To borrow a phrase from Park’s title, there is nothing particularly “unconscious” about the way that Chu Dok-hae was destroyed; the Party which he had helped to build tore him apart. Chu was accused of ethnic nationalism, and finally lost his ability to shape events or soften punishments for Chosunjok accused by Han cadre or Red Guards of having been collaborators with the imperial Japanese or the Kuomintang. Park describes these fissures, but, like Melvyn Goldstein, does not seem interested in recreating binary treatment of ethnic victimization. Indeed, the Cultural Revolution served as a screen for their fellow ethnic Koreans to attack one another, often for colonial-era slights, a point brought out skillfully by Park in her interviews. (pp. 147-149)
Along the way, Park reveals how memories of the Cultural Revolution are lingering (often unconsciously) in South Korea, and discusses the difficulties encountered by ethnic Koreans during the collectivization leading to the Great Leap Forward. She also draws from a large number of official histories and biographies published in the mid-1980s in Yanji or Changchun, a time of relatively greater academic openness. (Fortunately for Sinologists who are not fluent in Korean, most of these materials are also available in Chinese). Some of the newest writing about Chu Dok-hae published in the northeast is not referenced, but this is to be expected in a book of this size and scope. Perhaps the Chinese state representatives will at some point make the full run of Yanbian archives available, or open a few more doors in their extraordinary museum. In the meantime, we all have more reading and re-reading to do, not least of this extraordinary chapter.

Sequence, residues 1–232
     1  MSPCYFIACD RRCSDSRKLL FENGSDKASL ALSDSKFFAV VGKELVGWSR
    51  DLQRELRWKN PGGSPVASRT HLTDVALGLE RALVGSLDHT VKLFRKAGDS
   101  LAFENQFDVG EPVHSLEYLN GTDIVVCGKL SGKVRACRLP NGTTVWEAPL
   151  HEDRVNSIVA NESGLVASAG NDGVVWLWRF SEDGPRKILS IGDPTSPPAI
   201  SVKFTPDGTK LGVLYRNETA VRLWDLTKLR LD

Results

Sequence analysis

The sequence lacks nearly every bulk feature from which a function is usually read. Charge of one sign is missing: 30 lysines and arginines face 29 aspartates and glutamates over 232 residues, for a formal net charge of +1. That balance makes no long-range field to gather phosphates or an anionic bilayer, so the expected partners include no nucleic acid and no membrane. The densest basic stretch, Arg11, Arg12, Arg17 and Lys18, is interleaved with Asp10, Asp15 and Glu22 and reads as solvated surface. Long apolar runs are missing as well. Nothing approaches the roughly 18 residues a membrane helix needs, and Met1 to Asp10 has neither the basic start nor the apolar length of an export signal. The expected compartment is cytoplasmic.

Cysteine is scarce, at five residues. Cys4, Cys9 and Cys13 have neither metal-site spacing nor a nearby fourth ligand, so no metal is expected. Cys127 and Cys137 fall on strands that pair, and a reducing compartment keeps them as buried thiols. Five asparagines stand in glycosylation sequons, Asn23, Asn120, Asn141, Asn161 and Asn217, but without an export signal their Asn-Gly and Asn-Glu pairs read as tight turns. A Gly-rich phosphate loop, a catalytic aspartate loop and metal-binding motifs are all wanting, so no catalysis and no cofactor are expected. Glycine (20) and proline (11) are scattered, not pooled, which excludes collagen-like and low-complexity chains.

Image: Mural painting of Chu Dok-hae in Yanbian Korean Autonomous Prefecture History Museum, 2014. Photo by Adam Cathcart.